Abstract

In our paper, we claim that general human and artificial communication systems might be enriched by acknowledging and adding specifics of different ways of communication, perception and locomotion that refer to bodily impairment (Bieling, 2009). Schillmeier (2009, 79ff) sees disability less as an effect of bodily impairment, but more as a phenomenon of social construction. Oriented towards Science, Technology and Society Studies (STS) he conceptualizes disability as a “heterogenic, material event”, which connects “social and non-social relations of human and non-human actors, of things, bodies, technologies, sensorical pratices” and becomes able to be experienced in the sense of disabling as well as enabling (›dis/abling‹) scenarios. (Waldschmidt/Schneider, 2009, 17) „With the multiple objects of ›Disability‹, the parliament of things becomes obvious: the assembly of bodies, technologies, and things, as an articulation of reality of natures and cultures“. (Schillmeier, 2009, 79ff) By exploring disability from an ›out-of-center‹ position, we aim to use it as a “knowledge-constituting moment, for the analysis of the (majority of) society”. (Waldschmidt/Schneider, 2009, 15) In our investigation we consequently focus on integrative processes: An improvement of social integration, as well as an improvement of communication systems and devices through design (research), inspired by and learning from communication patterns of the bodily (and therefore socially) impaired. If we, as e.g. interface designers, understood more about communicative variations caused by bodily impairment, we might be able to create systems that enrich general human communication, by transferring and combining properties of such different variations. We will discuss results and examples of the design research project Speechless, an interdisciplinary project run at the Design Research Lab of Deutsche Telekom Laboratories, Berlin. One main focus of Speechless lies primarily on deaf and blind communication and perception, as well as on the transferability of alternative forms of communication to general human (interpersonal) communication and human-computerinteraction (HCI).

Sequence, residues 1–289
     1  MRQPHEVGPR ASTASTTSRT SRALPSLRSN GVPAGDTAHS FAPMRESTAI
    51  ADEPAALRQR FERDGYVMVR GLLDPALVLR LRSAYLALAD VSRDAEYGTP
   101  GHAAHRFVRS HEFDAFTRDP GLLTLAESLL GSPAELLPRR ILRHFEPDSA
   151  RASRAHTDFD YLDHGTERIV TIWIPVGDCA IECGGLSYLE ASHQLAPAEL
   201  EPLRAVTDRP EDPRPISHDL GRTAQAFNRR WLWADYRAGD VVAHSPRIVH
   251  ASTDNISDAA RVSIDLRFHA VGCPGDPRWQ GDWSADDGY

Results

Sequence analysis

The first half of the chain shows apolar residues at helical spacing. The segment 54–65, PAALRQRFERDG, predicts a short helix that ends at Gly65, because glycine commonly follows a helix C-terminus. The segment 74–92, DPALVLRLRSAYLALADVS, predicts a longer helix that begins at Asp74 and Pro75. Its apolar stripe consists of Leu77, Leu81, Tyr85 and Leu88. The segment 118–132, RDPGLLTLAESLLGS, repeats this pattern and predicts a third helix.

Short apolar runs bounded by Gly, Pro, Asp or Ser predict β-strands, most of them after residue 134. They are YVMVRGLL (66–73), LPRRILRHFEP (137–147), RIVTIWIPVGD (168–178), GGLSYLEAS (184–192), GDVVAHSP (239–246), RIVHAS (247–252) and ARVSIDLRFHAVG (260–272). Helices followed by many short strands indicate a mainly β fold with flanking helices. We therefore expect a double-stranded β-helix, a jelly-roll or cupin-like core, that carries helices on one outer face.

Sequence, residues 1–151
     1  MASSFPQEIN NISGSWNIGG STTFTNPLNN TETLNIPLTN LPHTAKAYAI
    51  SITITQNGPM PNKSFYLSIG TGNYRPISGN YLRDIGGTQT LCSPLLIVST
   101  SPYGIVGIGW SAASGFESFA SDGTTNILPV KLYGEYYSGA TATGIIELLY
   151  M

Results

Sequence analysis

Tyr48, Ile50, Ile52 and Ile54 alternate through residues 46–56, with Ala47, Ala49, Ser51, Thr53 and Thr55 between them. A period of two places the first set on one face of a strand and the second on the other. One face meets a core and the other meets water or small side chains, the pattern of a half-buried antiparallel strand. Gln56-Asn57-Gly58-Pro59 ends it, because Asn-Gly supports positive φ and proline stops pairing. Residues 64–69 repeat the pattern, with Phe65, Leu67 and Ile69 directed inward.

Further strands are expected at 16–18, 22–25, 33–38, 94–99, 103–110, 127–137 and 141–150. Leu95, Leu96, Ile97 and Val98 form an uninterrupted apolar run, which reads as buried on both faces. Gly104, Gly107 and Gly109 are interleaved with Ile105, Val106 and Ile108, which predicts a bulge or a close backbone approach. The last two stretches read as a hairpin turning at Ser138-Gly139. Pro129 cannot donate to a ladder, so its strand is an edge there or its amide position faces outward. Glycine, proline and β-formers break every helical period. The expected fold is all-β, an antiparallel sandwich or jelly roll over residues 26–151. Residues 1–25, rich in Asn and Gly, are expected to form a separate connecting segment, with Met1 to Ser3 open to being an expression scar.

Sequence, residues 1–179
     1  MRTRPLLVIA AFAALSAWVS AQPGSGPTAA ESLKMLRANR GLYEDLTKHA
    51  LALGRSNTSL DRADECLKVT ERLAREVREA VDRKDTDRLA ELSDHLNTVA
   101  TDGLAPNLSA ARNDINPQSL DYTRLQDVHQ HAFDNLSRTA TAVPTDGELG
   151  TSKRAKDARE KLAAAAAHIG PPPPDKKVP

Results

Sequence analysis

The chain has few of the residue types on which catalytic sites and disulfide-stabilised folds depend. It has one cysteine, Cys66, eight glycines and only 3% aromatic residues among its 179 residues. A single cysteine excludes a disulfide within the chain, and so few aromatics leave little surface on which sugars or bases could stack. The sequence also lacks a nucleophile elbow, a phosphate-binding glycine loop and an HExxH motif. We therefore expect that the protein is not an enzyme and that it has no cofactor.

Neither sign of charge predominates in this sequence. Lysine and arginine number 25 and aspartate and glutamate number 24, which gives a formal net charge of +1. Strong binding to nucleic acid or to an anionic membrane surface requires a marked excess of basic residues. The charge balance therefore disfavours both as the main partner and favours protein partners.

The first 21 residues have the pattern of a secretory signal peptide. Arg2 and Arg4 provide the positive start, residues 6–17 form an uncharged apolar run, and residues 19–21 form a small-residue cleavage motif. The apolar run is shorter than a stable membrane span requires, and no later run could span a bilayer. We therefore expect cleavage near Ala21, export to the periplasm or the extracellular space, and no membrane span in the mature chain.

Keywords:

Disability Inspired Design/Research, Disability Studies, Alternative Communication, Hci, Social Innovation, Participatory Design, Cultural Studies

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Jul 7th, 12:00 AM

Dis/Ability Teaches Design!

In our paper, we claim that general human and artificial communication systems might be enriched by acknowledging and adding specifics of different ways of communication, perception and locomotion that refer to bodily impairment (Bieling, 2009). Schillmeier (2009, 79ff) sees disability less as an effect of bodily impairment, but more as a phenomenon of social construction. Oriented towards Science, Technology and Society Studies (STS) he conceptualizes disability as a “heterogenic, material event”, which connects “social and non-social relations of human and non-human actors, of things, bodies, technologies, sensorical pratices” and becomes able to be experienced in the sense of disabling as well as enabling (›dis/abling‹) scenarios. (Waldschmidt/Schneider, 2009, 17) „With the multiple objects of ›Disability‹, the parliament of things becomes obvious: the assembly of bodies, technologies, and things, as an articulation of reality of natures and cultures“. (Schillmeier, 2009, 79ff) By exploring disability from an ›out-of-center‹ position, we aim to use it as a “knowledge-constituting moment, for the analysis of the (majority of) society”. (Waldschmidt/Schneider, 2009, 15) In our investigation we consequently focus on integrative processes: An improvement of social integration, as well as an improvement of communication systems and devices through design (research), inspired by and learning from communication patterns of the bodily (and therefore socially) impaired. If we, as e.g. interface designers, understood more about communicative variations caused by bodily impairment, we might be able to create systems that enrich general human communication, by transferring and combining properties of such different variations. We will discuss results and examples of the design research project Speechless, an interdisciplinary project run at the Design Research Lab of Deutsche Telekom Laboratories, Berlin. One main focus of Speechless lies primarily on deaf and blind communication and perception, as well as on the transferability of alternative forms of communication to general human (interpersonal) communication and human-computerinteraction (HCI).

 

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